Cavanagh’s New York: An Original American Steak House

Javier Canto

Celebrities came a-dime-a-dozen in 1950s New York. Whether it be Mickey Mantle smacking baseballs into the stratosphere or Marilyn Monroe standing a little too close to a subway vent, anybody who was anybody was spending time in the Big Apple. The city had become the center of the music, sports, and business world all at the same time and every person involved in these industries had something in common: they needed to eat. Originally established in 1876 on West 23rd Street, Cavanagh’s Steak House served New Yorkers until its closing in the 1970s. In serving for nearly a century, the restaurant was around for some of the most important events of the city’s long and storied history. I would like to present this restaurant as a stepping stone for the great ones that would eventually come to the city. Cavanagh’s is, in fact, more than a decade older than the city’s most famous steak house, Peter Luger. 

1870s New York was far from similar to the 1950s. Before big, expensive, and luxurious steak houses dotted every corner of the city, there were “eating houses”. As discussed in this course, these eating houses eventually led to the conception of the traditional restaurant. In 1876, a twelve-table clam-bar named Kenny’s was situated at 254-260 West 23rd Street. The bar was a popular hangout spot for railroad tycoon Diamond Jim Brady and actress Lillian Russell. John C. Cavanagh was 10 at the time and grew to work his way up the restaurant world and buy out Kenny’s. Cavanagh likely saw the success of restaurants like Delmonico’s or Keen’s, that sold fine beef. The menu for his restaurant would be advertised as “traditional Irish cooking with the finest quality of meats.” In the 1920s, Cavanagh saw prosperity when most other establishments were struggling through the prohibition. At the time, Cavanagh’s did not have a bar (one would later be added) so it was not subjected to the crackdown on alcohol by the U.S government. Tammany Hall politicians usually made up of influential New Yorkers, frequented Cavanagh’s as well as a host of sporting figures (especially prize-fighters). The restaurant would expand following this newfound success by buying the spot next door, another 4 story property. This allowed for more space for large parties, many of which came from the opera house down the street. The customers frequently commented on the atmosphere of the restaurant and the variety of dining options. 

The specific menu that was used in this research dates back to New Year’s 1959. Perhaps the first thing that stands out to one with a modern palette is the appetizer section. Chilled fruit is amongst the most popular appetizers. Also, there are a wide variety of “cocktails”  While shrimp and lobster cocktails can be found commonly in steak houses today, one might have some trouble finding a clam juice or tomato cocktail. The restaurant, like its predecessor, also served a host of oyster/clam dishes. The most familiar dish in this section would be the oysters Rockefeller, a staple still found in many seafood restaurants today. A cooking method that is most definitely not seen in most restaurants today is the boiling of clams in dairy products. Cavenaugh’s offered three ways to have the clams stewed: In milk, half and half, or cream. This is not to be confused with clam chowder, which was also on the menu. Not all appetizers seemed as unappealing as these, with the filet of imported maatjes herring and green turtle soup being notable standouts.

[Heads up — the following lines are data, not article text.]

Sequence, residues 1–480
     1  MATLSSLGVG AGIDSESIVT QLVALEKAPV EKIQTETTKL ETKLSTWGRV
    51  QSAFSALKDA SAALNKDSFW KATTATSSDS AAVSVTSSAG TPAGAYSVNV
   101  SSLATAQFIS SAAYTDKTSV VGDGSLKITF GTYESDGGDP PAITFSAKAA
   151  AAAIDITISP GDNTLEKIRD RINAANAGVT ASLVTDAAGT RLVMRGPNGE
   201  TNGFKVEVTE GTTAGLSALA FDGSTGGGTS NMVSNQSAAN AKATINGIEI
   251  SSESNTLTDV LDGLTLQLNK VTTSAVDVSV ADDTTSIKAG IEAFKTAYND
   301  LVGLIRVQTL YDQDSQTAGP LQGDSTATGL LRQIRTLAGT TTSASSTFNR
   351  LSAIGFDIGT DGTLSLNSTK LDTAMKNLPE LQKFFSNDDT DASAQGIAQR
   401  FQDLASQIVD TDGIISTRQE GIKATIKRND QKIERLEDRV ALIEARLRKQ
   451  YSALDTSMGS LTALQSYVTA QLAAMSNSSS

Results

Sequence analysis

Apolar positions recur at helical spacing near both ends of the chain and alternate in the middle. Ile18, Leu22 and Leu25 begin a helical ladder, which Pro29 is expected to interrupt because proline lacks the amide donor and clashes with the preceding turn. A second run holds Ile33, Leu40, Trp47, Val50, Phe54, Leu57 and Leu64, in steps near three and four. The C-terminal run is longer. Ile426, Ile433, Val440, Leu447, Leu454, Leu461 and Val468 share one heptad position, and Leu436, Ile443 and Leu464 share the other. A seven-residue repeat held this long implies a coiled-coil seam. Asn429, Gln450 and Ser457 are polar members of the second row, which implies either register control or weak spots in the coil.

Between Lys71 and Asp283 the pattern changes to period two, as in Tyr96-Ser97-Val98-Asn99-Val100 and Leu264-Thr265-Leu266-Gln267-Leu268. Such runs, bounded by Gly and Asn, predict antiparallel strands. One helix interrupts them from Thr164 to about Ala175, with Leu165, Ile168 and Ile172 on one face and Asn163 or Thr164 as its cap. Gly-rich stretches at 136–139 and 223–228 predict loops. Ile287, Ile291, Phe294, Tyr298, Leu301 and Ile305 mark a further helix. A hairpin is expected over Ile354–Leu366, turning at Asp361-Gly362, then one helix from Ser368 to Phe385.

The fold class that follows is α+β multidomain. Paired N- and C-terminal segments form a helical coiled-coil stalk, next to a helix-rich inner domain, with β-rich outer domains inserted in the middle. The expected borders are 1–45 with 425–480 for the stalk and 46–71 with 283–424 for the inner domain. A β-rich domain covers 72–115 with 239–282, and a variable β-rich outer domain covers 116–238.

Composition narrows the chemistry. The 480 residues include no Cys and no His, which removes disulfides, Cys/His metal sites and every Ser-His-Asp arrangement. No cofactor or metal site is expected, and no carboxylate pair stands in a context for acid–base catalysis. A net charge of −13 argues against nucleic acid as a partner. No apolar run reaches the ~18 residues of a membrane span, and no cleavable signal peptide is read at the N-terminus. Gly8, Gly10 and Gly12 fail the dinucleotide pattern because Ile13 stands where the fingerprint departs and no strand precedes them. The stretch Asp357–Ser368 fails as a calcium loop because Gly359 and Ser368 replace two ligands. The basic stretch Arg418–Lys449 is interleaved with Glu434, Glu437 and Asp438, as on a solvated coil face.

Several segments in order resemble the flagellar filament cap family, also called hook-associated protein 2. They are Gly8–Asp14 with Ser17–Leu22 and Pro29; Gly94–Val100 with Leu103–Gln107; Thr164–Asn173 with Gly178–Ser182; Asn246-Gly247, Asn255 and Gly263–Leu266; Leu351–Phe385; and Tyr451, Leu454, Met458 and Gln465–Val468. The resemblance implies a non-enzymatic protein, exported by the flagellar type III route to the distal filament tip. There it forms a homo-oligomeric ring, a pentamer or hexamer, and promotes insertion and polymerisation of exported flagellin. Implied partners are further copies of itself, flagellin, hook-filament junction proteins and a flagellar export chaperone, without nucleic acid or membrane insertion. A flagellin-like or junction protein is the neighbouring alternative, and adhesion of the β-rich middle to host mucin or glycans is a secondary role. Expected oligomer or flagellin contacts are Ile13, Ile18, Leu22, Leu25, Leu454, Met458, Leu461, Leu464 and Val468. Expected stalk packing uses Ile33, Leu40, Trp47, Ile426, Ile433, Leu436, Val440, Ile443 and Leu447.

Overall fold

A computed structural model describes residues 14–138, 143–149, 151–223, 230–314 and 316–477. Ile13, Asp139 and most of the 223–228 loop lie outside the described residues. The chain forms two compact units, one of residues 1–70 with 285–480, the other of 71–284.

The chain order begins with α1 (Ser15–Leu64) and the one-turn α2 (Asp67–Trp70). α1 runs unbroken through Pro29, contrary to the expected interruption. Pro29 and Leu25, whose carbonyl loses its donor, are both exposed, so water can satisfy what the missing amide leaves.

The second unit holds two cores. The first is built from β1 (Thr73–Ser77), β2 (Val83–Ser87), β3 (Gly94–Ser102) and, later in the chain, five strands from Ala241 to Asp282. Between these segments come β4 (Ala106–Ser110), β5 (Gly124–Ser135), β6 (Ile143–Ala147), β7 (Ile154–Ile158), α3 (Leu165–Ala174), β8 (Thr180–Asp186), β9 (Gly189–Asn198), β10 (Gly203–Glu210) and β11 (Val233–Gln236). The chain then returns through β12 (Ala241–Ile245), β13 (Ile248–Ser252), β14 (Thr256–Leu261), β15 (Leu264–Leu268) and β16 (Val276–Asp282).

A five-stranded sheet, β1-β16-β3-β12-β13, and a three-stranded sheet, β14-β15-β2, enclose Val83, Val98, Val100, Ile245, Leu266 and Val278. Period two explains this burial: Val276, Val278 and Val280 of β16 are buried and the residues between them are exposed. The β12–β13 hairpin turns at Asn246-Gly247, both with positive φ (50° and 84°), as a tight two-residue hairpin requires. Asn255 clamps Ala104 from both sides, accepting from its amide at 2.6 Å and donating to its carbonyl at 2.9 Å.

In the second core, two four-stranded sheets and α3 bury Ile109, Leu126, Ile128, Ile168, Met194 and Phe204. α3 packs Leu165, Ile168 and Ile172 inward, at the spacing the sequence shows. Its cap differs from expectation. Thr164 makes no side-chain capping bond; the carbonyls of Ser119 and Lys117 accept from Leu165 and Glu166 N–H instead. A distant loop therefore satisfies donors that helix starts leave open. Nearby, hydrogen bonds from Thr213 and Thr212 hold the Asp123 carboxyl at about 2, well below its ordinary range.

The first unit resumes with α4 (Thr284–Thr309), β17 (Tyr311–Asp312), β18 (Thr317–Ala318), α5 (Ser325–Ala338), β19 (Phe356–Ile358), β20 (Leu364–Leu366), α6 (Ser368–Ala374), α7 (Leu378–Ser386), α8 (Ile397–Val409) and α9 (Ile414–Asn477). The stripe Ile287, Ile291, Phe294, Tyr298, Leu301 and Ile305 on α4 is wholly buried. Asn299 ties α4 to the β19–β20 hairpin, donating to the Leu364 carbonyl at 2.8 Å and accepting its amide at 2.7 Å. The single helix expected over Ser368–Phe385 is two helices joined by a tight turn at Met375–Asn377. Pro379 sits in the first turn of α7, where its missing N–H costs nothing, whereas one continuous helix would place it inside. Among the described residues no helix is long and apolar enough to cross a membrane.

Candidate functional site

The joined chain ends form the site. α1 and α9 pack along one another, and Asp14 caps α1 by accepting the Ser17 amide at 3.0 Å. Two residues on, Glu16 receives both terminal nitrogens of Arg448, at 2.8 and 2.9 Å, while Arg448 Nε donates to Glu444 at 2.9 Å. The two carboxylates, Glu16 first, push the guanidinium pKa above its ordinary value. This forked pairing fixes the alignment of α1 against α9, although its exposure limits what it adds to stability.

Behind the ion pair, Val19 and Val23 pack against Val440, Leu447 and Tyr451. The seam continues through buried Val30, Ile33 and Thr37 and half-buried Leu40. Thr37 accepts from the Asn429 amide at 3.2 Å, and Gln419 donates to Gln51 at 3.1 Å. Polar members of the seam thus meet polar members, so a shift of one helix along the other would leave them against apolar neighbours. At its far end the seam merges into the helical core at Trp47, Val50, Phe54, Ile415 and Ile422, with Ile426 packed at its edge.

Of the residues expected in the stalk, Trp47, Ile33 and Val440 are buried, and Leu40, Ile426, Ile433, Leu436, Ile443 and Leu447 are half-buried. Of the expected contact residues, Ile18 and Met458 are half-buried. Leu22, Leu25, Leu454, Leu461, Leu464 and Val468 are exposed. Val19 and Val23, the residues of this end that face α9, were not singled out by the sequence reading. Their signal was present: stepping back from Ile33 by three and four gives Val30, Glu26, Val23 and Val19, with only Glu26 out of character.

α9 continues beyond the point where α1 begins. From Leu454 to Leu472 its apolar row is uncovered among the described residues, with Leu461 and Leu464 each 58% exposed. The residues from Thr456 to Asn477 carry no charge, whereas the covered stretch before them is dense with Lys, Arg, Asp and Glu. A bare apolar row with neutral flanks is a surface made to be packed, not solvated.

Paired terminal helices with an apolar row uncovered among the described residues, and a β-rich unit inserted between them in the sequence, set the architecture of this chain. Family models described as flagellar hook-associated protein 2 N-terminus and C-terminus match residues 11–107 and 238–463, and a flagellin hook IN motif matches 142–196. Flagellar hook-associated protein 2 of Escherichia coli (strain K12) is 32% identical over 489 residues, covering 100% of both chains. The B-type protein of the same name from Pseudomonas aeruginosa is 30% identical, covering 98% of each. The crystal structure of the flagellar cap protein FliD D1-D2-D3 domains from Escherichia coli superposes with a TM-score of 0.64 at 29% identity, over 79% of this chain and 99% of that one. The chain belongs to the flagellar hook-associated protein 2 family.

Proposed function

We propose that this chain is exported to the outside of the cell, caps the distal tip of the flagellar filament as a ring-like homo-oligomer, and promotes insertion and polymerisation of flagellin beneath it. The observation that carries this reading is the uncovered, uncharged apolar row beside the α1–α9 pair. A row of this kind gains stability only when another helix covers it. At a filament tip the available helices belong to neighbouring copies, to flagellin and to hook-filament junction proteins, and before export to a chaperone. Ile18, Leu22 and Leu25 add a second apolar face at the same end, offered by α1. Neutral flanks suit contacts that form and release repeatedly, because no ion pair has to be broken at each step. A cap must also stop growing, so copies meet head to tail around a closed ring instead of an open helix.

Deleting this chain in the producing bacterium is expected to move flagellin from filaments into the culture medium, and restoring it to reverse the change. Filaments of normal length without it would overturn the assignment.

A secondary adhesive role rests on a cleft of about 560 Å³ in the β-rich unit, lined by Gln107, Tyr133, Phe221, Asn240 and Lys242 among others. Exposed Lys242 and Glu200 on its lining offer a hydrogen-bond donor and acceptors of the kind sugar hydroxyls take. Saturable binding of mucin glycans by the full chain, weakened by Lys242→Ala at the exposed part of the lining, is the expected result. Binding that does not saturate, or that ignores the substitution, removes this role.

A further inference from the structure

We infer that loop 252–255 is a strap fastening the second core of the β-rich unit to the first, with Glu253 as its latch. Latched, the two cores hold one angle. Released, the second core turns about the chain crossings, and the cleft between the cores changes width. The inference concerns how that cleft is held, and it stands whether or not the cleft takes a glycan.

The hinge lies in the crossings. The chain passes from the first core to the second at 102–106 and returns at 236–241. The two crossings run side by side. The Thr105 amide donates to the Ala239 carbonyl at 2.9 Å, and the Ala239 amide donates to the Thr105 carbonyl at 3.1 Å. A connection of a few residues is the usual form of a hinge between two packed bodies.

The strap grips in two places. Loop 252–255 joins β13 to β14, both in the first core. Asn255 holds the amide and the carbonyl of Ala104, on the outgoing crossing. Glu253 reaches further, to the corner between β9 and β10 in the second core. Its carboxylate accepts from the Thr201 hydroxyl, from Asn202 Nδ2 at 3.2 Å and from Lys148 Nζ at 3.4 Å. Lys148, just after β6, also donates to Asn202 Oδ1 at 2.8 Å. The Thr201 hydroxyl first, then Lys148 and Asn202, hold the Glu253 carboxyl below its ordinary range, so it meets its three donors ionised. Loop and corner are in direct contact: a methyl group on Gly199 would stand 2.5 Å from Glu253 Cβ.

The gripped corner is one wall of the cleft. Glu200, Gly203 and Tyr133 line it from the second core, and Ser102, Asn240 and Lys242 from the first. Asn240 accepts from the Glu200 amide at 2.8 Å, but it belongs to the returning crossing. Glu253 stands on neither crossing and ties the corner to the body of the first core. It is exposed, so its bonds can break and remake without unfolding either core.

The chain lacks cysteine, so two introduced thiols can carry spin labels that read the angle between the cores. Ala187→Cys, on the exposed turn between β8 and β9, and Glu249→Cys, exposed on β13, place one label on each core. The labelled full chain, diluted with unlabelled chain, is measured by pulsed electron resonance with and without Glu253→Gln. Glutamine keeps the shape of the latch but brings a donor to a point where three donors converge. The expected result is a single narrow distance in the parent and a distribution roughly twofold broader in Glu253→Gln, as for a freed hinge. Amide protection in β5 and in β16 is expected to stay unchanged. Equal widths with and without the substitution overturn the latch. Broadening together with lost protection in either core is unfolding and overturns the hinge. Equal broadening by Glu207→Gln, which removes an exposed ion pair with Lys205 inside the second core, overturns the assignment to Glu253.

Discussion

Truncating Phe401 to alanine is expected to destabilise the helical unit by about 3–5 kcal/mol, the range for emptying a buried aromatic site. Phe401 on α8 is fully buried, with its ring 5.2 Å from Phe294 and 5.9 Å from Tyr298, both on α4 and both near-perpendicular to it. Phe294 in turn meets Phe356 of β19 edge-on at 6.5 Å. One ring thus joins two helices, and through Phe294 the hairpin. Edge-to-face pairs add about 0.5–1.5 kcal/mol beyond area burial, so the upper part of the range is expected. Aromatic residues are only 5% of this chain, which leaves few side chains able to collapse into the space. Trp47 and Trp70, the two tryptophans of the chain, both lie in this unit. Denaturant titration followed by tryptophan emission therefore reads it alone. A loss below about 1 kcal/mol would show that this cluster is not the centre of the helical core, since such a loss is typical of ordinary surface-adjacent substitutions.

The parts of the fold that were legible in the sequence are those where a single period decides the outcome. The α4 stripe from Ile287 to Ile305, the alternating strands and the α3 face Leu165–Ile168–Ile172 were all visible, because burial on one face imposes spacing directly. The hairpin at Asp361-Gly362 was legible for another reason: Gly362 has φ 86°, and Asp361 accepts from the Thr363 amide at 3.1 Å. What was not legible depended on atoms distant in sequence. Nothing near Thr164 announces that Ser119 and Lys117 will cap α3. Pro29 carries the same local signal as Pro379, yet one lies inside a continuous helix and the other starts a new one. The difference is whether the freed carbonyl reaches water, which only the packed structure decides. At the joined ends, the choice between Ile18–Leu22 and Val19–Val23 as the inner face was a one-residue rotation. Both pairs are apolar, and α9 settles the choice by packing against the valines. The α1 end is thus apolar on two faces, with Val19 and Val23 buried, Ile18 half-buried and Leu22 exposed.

The menu’s extravagance is truly on show when it comes to the entrees. The seafood and specials section is a hodgepodge of dishes of French, Irish, German, and even Indian descent. Dishes like the Filet of Sole would be directly above a madras curry of shrimp. Perhaps trying to capitalize on the association with European cuisine and fine dining, the prices of these dishes are astronomical for the time. The average weekly salary for an American household at the time was about $100. Something extremely staggering was the difference in prices of seafood dishes and meat. The price of the most expensive seafood item, a swordfish steak at $4.25 is dwarfed when compared to that of the meat. Adjusted to inflation, the 13 dollars paid in 1959 would be the equivalent of $123 for one steak today. While a cut of A5 Japanese wagyu could fetch more than $150 today, the quality difference is evident. The most expensive cuts of steak at Cavenaugh’s were the filet mignon and the sirloin. While these cuts are still present today, they are seen more like a standard than any exclusive cut. The evolution of the dairy industry and the introduction of a more international meat trade meant that more cuts were readily available and different ways of raising cattle led to the introduction of new cuts to the market.

  Cavenaugh’s would remain open after it’s owners death and would close its doors as a restaurant in the early 70s. While in some ways the restaurant was stuck in the past (oysters in milk…), its influence seems evident.  Items on the menu, like oysters Rockefeller and broiled prime sirloin, are some of the biggest staples in New York steakhouses today. I believe the restaurant acts as a looking glass into the world of fine dining in New York City in a particularly interesting time in its history. 

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